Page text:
If the employer fails to timely pay the full amount due to the employee, the Illinois Wage Payment and Collection Act provides that the employee is entitled to recover:
When two parties litigate in America, each side typically bears its own attorney fees, whether they win or lose. The prominent exception to this rule is when attorney fees are specifically provided for either in a statute particular to the subject matter of the litigation or a in contract between the parties.
When I review or draft a contract for my clients, I always make sure that an “attorney fee clause” (otherwise known as an “enforcement clause“) is included. Attorney fee clauses provide that if either party to a contract successfully pursues or defends a cause of action for breach of contract, the losing party will pay the winning party’s attorney fees.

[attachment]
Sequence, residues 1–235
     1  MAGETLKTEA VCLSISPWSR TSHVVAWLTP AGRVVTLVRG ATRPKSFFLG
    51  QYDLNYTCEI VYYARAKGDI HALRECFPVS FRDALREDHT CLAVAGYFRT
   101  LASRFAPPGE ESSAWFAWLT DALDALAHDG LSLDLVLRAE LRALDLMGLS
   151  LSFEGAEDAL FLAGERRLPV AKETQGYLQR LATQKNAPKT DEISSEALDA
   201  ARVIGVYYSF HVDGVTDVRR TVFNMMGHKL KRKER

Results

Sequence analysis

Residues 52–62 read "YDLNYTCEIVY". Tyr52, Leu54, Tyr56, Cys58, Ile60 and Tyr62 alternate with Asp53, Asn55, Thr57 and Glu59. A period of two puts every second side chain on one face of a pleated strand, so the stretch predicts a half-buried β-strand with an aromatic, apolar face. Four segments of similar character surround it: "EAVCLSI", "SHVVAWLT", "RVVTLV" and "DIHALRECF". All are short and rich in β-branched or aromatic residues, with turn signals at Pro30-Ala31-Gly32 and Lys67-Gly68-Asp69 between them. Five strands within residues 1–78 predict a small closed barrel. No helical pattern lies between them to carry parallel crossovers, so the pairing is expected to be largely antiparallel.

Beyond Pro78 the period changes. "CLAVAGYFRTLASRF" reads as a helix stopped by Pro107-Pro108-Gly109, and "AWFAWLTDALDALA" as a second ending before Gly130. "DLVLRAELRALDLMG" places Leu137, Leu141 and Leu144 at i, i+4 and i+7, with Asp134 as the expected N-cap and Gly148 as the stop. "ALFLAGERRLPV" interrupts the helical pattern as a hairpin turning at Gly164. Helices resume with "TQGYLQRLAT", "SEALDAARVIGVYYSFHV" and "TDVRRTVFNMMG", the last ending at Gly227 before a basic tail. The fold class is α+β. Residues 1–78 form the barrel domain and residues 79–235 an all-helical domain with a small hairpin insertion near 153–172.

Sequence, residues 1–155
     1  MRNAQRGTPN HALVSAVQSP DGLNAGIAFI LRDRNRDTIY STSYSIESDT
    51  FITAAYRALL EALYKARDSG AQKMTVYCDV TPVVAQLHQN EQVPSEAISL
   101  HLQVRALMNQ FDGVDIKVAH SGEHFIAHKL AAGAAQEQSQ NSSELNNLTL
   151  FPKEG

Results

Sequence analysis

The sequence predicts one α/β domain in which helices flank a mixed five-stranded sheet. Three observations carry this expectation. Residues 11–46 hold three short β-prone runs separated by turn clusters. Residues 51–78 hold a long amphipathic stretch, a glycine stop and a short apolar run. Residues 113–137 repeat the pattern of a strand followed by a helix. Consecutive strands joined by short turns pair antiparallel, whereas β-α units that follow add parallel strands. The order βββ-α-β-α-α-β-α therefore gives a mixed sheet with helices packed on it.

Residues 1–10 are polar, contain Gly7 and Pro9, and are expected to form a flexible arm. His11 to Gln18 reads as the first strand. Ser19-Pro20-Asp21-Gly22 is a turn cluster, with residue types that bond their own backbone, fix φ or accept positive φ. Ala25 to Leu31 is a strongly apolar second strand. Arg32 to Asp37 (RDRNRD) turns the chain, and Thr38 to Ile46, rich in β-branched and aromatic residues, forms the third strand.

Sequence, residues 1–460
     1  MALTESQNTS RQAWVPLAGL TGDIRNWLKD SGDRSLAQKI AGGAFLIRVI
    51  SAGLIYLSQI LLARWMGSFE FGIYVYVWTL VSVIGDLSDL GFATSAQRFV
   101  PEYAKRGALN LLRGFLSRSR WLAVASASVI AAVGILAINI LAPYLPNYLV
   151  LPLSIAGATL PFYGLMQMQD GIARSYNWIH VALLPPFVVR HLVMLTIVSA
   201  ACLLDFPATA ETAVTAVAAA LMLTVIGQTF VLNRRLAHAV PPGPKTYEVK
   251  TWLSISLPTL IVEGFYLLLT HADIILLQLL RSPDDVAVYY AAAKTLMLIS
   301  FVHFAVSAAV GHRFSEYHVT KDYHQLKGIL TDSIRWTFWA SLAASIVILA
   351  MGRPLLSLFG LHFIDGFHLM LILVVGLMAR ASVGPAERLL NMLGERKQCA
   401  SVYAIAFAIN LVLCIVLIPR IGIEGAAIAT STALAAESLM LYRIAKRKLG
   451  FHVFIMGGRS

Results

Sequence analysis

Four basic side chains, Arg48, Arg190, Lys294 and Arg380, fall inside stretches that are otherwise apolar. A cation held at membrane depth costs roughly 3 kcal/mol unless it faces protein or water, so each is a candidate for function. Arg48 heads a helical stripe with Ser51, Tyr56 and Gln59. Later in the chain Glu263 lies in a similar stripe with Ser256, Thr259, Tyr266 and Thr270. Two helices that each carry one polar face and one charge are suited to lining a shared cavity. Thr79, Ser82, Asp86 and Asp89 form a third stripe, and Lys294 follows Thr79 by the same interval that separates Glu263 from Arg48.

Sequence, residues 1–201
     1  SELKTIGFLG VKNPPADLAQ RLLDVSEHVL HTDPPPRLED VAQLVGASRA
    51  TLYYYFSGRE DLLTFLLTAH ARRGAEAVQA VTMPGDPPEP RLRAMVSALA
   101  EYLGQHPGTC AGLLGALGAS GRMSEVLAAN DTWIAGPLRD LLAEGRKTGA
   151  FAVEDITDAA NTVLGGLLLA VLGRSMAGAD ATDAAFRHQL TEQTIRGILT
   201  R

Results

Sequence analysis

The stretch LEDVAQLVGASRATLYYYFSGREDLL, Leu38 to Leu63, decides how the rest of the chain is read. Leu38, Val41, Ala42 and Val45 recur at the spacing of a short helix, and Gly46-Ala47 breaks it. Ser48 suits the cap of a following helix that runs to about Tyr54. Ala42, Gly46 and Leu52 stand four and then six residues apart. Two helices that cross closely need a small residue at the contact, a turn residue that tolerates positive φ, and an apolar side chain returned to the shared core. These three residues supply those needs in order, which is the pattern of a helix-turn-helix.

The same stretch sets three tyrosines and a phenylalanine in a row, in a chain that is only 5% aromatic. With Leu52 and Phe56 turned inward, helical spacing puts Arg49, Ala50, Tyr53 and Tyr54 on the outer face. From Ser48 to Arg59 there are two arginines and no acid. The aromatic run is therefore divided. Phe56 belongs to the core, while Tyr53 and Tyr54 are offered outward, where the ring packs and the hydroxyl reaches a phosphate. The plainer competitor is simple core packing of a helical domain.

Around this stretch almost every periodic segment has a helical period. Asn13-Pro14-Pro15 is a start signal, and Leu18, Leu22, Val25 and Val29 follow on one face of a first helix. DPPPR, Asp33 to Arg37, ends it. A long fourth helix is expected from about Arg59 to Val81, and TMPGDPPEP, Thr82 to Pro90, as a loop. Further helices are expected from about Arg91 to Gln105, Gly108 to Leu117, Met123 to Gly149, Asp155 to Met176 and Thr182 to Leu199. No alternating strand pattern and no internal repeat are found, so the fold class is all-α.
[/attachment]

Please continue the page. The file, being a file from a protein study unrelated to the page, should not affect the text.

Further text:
This article is the eighth in a series of nine articles explaining the Eight Goals of a Good Estate Plan. In this Article we will explain how to use Family Limited Partnerships and Irrevocable Trusts to protect assets from creditors in Illinois.
Tenancy By the Entirety
In Illinois, a married couple can own their primary residence in a manner called“Tenancy by the Entirety.” Creditors of only one spouse cannot place a lien on property held in Tenancy by the Entirety. This method of ownership is reflected on the deed to the property. It is restricted to married couples’ primary residences. Ensuring that your residence is held as tenants by the entirety, rather than joint tenancy or tenancy in common is a good first step in protecting your assets from creditors.
If you are renting property and would like to evict one of your tenants for non-payment of rent or for any other reason, you and your lawyer will be required to follow these steps:
How Much Time Do I Have in My Home After a Foreclosure Judgment? | Illinois Foreclosure Timeline Explained